Typically, the initial contact comes from out of the blue in a letter, an email or phone call and now social networking messages. In this recent report to FCNB, the scammer relied on the victim’s faith in God and indicated that the money was to be used to promote religious activities.

Red Flags:

  • You are contacted by someone you’ve never met in person. (Red Flag: no face-to-face contact)
  • The scammer is located overseas, so meeting in person is not possible. (Red Flag: no face-to-face contact)
  • If the letter comes in the mail, there are often multiple addresses. For example, the postage stamp may be from one country with the return address being from another and the documentation you receive is from yet another location. (Red Flag: Inconsistent information)
  • The scam artist may provide documentation that looks legitimate, but it usually contains spelling or grammatical errors. (Red Flag: Not professional documentation)
  • The size of the inheritance is usually in the millions of dollars. (Red Flag: Too good to be true)
  • The scammer requests personal information such as birth date or financial information. (Red Flag: Being asked to provide sensitive information to a stranger)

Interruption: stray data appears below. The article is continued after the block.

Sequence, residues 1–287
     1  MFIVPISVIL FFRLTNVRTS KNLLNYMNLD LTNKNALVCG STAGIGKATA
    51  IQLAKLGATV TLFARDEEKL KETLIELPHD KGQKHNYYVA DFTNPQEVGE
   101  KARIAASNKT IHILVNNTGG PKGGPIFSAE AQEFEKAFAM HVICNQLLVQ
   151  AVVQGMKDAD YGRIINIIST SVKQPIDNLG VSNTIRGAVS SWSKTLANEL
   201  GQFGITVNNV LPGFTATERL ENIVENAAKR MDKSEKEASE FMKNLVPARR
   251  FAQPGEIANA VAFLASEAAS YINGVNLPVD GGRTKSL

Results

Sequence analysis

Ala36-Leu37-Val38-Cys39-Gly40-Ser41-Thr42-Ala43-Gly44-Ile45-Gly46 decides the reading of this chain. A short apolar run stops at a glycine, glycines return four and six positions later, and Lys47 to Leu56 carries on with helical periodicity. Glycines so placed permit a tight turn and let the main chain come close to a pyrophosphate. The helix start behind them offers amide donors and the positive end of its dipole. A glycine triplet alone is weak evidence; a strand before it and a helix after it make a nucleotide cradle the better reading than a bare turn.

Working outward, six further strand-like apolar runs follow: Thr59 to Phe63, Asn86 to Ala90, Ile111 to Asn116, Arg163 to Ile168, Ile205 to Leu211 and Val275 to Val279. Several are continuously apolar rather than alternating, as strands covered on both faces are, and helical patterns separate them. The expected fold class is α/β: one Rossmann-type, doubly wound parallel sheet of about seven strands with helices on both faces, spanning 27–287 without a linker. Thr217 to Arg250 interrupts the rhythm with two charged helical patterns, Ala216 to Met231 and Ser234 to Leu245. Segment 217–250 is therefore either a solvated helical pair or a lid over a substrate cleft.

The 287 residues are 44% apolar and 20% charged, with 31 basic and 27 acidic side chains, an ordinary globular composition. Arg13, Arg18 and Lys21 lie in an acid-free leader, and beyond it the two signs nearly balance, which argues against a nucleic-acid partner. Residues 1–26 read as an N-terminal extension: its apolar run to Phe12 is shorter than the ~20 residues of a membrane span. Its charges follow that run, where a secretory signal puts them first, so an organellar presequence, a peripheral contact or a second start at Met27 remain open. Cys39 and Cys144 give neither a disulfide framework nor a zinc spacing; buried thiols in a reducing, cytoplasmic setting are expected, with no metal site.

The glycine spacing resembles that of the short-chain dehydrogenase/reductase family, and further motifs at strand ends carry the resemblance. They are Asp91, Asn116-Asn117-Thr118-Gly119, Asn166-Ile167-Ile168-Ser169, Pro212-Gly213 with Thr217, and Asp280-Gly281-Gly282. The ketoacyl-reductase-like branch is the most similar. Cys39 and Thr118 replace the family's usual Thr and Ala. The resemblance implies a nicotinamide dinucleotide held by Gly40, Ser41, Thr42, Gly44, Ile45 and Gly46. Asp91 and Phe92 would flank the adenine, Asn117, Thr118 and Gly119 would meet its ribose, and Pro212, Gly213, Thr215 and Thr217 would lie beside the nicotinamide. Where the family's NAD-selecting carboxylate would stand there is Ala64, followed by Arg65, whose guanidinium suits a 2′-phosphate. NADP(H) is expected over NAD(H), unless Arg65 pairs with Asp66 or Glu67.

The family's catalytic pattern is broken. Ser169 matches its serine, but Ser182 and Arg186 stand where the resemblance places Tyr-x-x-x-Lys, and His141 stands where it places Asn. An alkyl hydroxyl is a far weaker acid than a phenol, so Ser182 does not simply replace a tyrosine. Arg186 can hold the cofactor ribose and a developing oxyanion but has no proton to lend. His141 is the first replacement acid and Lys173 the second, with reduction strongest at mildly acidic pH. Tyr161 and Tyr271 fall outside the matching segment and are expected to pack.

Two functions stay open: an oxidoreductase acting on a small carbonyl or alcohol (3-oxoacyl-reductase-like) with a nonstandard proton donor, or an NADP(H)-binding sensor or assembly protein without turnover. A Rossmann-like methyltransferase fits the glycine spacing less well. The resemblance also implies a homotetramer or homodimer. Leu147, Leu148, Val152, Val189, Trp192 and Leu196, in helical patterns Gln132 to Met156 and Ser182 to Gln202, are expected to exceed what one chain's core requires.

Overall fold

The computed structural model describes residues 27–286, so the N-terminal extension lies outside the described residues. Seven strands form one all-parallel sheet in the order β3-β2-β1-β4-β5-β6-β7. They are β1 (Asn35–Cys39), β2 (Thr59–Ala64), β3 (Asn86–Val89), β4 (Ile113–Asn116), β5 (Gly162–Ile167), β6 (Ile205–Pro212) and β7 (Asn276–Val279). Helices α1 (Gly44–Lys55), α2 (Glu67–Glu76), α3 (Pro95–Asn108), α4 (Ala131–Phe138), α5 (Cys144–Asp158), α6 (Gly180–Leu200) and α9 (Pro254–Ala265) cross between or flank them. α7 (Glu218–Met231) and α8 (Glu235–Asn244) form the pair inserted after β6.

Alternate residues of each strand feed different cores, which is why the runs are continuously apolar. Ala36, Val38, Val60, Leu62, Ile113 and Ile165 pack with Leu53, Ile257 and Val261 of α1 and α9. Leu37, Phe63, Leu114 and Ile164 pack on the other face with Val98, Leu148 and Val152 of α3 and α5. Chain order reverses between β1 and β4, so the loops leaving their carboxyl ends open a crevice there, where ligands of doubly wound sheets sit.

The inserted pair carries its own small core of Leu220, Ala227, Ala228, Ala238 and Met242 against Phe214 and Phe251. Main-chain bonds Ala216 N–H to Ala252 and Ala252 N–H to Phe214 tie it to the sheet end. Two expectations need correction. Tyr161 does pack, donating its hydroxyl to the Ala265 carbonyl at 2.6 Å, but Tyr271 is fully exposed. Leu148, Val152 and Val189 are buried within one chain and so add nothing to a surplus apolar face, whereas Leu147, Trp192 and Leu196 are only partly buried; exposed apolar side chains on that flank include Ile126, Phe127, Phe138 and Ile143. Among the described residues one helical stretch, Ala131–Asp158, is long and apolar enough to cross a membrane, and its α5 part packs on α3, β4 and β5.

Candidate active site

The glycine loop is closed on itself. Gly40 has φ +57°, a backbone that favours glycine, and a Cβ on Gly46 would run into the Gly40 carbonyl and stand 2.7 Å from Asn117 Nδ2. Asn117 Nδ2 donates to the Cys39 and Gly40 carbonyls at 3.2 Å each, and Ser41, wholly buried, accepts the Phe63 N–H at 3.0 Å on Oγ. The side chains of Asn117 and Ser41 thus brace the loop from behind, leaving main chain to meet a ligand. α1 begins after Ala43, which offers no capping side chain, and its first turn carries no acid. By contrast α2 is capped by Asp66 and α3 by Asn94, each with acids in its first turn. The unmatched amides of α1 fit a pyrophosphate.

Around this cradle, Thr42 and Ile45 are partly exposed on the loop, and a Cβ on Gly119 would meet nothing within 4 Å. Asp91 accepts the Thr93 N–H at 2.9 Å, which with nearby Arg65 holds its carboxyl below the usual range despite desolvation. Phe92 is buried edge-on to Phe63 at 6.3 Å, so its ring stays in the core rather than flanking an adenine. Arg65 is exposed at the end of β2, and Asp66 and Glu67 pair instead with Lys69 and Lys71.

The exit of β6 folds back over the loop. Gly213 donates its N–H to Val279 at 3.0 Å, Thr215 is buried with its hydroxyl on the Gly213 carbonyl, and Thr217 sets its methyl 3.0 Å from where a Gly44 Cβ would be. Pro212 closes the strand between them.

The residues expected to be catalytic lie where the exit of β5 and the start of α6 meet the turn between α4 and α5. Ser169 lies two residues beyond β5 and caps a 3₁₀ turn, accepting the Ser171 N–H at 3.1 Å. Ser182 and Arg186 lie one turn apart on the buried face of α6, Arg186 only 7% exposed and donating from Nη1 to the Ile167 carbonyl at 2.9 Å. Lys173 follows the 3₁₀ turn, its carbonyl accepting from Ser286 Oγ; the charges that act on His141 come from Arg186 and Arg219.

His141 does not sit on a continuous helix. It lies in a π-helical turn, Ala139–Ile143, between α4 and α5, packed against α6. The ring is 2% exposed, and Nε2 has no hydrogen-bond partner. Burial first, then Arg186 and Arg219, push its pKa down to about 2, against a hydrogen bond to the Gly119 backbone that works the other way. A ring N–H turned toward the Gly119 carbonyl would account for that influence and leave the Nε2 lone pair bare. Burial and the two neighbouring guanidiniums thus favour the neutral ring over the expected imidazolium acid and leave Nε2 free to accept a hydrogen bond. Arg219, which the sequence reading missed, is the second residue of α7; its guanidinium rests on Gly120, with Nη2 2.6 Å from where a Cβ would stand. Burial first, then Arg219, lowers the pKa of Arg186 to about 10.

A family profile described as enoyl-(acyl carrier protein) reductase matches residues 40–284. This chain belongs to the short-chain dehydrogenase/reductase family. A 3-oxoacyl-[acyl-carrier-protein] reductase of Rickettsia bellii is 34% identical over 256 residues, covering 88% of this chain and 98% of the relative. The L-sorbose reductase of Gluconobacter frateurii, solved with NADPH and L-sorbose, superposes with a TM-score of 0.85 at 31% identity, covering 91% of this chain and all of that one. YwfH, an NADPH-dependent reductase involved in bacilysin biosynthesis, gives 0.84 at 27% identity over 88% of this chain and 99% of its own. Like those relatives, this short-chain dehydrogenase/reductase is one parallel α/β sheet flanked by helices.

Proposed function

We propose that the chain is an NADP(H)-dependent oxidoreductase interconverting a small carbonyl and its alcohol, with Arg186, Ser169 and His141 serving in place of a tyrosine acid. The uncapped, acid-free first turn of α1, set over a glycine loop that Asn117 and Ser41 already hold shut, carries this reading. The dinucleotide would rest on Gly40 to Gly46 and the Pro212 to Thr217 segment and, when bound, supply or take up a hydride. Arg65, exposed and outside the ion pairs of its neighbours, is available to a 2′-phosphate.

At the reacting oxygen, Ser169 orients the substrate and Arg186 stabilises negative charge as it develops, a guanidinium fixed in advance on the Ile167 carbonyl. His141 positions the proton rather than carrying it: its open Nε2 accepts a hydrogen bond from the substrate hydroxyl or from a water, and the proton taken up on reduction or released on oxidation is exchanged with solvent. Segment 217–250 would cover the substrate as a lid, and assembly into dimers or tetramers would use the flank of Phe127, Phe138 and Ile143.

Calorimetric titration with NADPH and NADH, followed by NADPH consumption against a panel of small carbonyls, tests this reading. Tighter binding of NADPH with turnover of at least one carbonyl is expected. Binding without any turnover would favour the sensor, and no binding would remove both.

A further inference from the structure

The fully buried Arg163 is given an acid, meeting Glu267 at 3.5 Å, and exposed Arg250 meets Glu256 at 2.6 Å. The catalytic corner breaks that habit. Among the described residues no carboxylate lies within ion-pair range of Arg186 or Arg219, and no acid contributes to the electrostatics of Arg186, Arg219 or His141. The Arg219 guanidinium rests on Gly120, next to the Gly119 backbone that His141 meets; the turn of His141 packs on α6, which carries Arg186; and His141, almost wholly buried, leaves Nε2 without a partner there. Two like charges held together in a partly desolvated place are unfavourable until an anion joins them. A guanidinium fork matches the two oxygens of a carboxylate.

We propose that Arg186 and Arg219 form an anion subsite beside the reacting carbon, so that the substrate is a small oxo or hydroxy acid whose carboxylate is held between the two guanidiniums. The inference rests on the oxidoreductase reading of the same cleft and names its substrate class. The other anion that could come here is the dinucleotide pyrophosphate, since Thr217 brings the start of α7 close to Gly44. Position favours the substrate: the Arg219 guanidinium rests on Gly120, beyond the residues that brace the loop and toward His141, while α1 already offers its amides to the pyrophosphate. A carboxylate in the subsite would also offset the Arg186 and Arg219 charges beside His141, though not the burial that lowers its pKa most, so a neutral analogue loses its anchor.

• The scammer uses faith or other means to try to establish an immediate connection. (Red Flag: Playing to people’s instinct to trust those who are like us)

What to do if you’ve been targeted:

  • When approached, whether online or in-person, about any transaction that requires personal information, think critically. Ask yourself, is it likely that a stranger you’ve never met would be willing to give you millions of dollars just based on an email?
  • Never provide money or sensitive information to anyone you don’t know, or have only met online.
  • Avoid any arrangement that asks for upfront payment via money order, wire transfer, bitcoin or other electronic currency.
  • Do a reverse image search to determine if any images are shared on other websites.
  • Do an internet search using the names or contact details, as well as the exact wording of the email or letter to determine any references to a scam.
  • Seek advice from a lawyer, accountant or other trusted professional if you have any doubts about the legitimacy of an offer.
  • If you think it’s a scam, simply delete the message. If you open the door, scam artists will try to manipulate you by playing on your emotions or beliefs to achieve their goal.

At FCNB we share information on the red flags of fraud and information about current scams circulating in the province in an effort to help New Brunswickers protect themselves and their communities. While scams change and adapt, the red flags of fraud tend to be common across different types of scams. The more people can recognize the red flags, think critically about offers and be vigilant, the fewer people will end up being scammed.